The Groundbreaking Way Scientists Can Now Study Your DNA

In 2003, the Human Genome Project made groundbreaking history by arranging 92% of the human genome, according to CNN. Because of its complexities and repetitions, figuring out the correct order of the remaining 8% has been a struggle — until yesterday. On March 31, 2022, the Telomere-to-Telomere (T2T) Consortium and its team of almost 100 scientists finished the job and revealed the complete human genome. Research leader Evan Eichler said that the completed sequence will allow researchers to gain a clearer understanding of how individual organisms form and vary from other humans and species.

Some of the genes uncovered are what make the human brain bigger than those of other primates, giving insight into what makes humans different, Eichler said. With the full genome, scientists can now investigate the role DNA variations play in disease. Eichler noted that the completed sequence contains genes that can help determine immune responses to drugs. 

Decoding the human genome

Along the journey of completing the human genome, CNN says researchers came up against two major battles. First, piecing together DNA in the correct order was hard to achieve without the proper technology. Scientists had to depend on two DNA sequencing technologies that were developed over the past 10 years. The Oxford DNA sequencing method is known for being able to arrange up to one million DNA letters at once, but not without mistakes. The PacBio Hifi DNA sequencing method can't read nearly as many letters at once (only 20,000), but it has 99.9% accuracy. Between the two methods, 400 million letters were introduced, which amounts to that of an entire chromosome.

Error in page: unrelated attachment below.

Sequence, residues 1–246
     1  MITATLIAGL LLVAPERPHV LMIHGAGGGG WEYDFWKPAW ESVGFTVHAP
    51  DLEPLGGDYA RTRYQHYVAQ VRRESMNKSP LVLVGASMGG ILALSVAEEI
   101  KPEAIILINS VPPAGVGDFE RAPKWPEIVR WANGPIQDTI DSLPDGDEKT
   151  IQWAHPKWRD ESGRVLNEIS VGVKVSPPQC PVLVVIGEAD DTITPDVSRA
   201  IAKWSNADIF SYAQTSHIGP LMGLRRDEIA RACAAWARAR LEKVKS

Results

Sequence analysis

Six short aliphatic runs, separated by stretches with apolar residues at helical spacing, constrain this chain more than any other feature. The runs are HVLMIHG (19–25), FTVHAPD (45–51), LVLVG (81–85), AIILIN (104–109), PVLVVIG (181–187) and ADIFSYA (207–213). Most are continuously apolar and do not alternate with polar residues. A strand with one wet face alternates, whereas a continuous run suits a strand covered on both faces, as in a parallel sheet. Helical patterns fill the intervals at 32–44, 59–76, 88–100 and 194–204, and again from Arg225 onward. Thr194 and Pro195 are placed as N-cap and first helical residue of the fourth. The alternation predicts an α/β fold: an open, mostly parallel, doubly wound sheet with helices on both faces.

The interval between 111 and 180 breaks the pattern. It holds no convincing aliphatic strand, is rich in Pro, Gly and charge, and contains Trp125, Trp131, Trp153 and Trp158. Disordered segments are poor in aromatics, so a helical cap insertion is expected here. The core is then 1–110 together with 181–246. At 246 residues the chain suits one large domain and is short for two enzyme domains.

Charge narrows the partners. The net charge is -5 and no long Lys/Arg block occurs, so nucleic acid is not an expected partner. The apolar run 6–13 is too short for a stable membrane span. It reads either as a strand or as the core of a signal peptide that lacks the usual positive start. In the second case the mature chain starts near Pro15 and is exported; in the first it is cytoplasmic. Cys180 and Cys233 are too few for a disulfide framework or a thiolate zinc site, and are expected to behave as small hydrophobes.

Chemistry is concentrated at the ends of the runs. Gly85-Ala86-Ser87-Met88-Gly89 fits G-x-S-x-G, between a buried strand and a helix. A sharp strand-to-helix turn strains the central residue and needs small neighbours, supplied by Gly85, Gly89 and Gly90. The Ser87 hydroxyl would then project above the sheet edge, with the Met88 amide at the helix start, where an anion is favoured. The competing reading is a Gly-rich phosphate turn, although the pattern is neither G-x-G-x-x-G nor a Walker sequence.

The second challenge involved finding cells that only had one genome. Instead of using both a maternal set and a paternal set of DNA, researchers used a complete hydatidiform mole, which is a duplicate of the paternal set. As a result, they only needed to sequence one set. Initially, they were unable to piece together the Y chromosome, but a complete set of 24 chromosomes available at the University of Santa Cruze was able to help them get it decoded.

Over the past 19 years, it cost the Human Genome Project nearly $500 million from start to finish. Though he wasn't involved in the research, Charles Rotimi, scientific director of the National Human Genome Research Institute, is hopeful this advancement will move "us closer to individualized medicine for all humanity."